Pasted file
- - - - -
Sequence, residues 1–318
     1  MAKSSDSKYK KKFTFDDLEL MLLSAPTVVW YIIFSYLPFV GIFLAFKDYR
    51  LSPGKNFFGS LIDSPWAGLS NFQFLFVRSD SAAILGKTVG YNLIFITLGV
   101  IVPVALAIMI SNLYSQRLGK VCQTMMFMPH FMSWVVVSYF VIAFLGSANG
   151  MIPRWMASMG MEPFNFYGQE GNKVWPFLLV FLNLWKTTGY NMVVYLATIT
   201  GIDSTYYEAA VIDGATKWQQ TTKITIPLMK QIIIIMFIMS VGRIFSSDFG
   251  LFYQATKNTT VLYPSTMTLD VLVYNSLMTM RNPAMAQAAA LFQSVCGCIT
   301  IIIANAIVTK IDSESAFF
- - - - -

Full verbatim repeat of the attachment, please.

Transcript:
Sequence, residues 1–318
     1  MAKSSDSKYK KKFTFDDLEL MLLSAPTVVW YIIFSYLPFV GIFLAFKDYR
    51  LSPGKNFFGS LIDSPWAGLS NFQFLFVRSD SAAILGKTVG YNLIFITLGV
   101  IVPVALAIMI SNLYSQRLGK VCQTMMFMPH FMSWVVVSYF VIAFLGSANG
   151  MIPRWMASMG MEPFNFYGQE GNKVWPFLLV FLNLWKTTGY NMVVYLATIT
   201  GIDSTYYEAA VIDGATKWQQ TTKITIPLMK QIIIIMFIMS VGRIFSSDFG
   251  LFYQATKNTT VLYPSTMTLD VLVYNSLMTM RNPAMAQAAA LFQSVCGCIT
   301  IIIANAIVTK IDSESAFF